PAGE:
Amazon is one of five companies testing a digital euro. In a press release, the European Central Bank (ECB) has just revealed the panel of players it is about to put in charge of implementing the first iteration of the future E-Euro. It has selected five companies to help test its future digital euro. Amazon is on the list and each participating company will create a prototype interface that will be used to process simulated transactions.
The five companies involved in the test are Amazon, CaixaBank, Worldline, European Payments Initiative and Nexi.
Amazon in charge of e-commerce payments
The objective of this prototyping exercise is to test the integration of the digital euro technology with the prototypes developed by the companies. Simulated transactions will be initiated using the front-end prototypes developed by the five companies and processed by the Eurosystem interface and back-end infrastructure.
There are no plans to reuse the prototypes in later phases of the digital euro project. Together with the ECB team, the selected companies will each focus on a specific use case for the digital euro:
- online peer-to-peer payments – CaixaBank;
- offline peer-to-peer payments – Worldline;
- Payer-initiated point-of-sale payments – EPI;
- Payee-initiated point-of-sale payments – Nexi;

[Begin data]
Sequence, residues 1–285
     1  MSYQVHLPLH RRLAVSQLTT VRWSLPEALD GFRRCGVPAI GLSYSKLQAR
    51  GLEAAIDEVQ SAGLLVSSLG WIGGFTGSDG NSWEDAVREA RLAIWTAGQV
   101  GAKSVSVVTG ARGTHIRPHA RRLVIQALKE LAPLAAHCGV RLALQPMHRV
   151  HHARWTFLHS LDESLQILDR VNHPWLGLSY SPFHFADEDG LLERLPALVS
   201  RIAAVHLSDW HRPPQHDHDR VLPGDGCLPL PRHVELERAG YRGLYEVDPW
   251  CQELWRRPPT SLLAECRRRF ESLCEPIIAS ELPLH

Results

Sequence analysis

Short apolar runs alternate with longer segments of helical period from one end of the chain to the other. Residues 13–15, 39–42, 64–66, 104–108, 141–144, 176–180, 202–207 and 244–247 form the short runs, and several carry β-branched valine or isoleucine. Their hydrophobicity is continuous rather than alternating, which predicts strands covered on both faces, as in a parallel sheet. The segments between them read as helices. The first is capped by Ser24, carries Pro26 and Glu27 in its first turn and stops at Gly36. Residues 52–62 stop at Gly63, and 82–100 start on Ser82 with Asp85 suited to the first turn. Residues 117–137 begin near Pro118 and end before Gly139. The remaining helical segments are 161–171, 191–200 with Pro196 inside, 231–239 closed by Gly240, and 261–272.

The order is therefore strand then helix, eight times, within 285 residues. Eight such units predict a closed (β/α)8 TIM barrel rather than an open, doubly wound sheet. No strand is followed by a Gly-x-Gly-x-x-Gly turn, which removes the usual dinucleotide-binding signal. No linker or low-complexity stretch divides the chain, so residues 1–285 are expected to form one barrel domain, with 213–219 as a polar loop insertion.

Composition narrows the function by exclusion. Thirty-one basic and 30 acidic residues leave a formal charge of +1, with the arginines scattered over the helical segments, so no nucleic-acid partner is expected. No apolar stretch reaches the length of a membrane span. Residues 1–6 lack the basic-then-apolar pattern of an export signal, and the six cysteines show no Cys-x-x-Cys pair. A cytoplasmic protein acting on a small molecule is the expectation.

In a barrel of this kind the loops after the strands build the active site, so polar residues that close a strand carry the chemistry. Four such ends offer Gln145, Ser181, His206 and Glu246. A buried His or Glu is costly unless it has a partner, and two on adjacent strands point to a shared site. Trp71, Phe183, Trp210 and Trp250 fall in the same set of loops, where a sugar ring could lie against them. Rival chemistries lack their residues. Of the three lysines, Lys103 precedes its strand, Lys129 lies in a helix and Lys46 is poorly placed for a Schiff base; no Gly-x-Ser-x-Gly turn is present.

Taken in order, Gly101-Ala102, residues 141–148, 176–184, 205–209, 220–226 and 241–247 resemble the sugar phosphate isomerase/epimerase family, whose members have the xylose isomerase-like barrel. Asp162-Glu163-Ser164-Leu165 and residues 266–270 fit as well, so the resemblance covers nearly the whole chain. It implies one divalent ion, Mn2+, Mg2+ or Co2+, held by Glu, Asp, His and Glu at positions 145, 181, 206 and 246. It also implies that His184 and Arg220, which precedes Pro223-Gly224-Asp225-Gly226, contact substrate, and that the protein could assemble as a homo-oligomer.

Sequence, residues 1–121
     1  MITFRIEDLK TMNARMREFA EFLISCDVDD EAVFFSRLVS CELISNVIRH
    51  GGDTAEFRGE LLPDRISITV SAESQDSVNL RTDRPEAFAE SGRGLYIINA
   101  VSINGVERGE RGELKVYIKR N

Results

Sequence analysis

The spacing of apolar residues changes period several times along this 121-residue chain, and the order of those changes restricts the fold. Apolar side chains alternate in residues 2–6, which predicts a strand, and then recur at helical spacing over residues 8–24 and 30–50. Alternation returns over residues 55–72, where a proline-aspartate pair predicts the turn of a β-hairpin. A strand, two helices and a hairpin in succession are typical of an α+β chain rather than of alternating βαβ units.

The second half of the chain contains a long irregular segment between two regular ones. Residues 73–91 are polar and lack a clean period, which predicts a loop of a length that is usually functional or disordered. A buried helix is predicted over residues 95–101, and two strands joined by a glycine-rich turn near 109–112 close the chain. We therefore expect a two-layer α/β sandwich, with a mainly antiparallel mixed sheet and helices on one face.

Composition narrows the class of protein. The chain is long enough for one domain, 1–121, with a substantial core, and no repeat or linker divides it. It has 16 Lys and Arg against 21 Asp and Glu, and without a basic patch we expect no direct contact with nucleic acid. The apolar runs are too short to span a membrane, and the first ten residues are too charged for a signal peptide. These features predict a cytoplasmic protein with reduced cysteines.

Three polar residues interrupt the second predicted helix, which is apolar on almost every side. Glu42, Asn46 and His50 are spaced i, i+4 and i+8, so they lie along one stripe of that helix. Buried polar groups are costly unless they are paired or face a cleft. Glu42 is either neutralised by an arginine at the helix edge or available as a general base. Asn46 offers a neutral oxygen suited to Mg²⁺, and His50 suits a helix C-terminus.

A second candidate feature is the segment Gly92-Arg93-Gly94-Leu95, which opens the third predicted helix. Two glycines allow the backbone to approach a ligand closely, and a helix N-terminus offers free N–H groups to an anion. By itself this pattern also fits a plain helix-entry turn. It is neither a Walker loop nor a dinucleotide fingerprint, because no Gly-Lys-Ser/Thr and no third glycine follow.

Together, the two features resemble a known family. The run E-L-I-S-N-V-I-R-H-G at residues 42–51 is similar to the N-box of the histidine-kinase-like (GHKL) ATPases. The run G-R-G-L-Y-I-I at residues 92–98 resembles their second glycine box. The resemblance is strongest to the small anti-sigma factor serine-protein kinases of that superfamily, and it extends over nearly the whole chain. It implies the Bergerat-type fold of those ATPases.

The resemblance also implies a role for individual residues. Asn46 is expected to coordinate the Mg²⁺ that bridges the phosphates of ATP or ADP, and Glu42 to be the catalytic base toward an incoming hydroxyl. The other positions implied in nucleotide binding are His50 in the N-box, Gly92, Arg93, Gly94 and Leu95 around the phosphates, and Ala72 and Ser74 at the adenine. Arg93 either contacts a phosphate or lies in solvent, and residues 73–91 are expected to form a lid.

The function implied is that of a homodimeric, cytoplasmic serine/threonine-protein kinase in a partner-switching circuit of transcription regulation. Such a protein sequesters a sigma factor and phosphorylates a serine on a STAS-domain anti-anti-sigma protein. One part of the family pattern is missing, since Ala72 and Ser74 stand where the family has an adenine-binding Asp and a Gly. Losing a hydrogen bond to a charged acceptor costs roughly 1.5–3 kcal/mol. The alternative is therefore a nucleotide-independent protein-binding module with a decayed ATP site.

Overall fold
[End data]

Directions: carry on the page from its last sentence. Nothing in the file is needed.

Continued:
- E-commerce payments – Amazon.
The ECB stated:
“The five vendors chosen best match the “specific capabilities” required for the assigned use case. The ECB appreciates the high level of interest in the prototyping exercise. The prototyping exercise is an important part of the ongoing two-year investigation phase of the Digital Euro project. It is expected to be completed in the first quarter of 2023, when the ECB will also publish its findings.”
The companies were selected from a pool of 54 front-end providers. Their selection follows the call for expressions of interest.
The most notable participant is Amazon, which will create an interface to handle e-commerce payments. It’s unclear whether the company will produce a variation of its official storefront or create an entirely new interface.
Other companies involved in the project include Spanish bank CaixaBank and European payment processor Worldline. These companies will create interfaces for online and offline peer-to-peer payments, respectively.
Finally, the European Payments Initiative (EPI) and the paytech company Nexi will provide interfaces for point-of-sale transactions. EPI’s solution will focus on payer-initiated transactions, while Nexi’s will focus on payee-initiated transactions.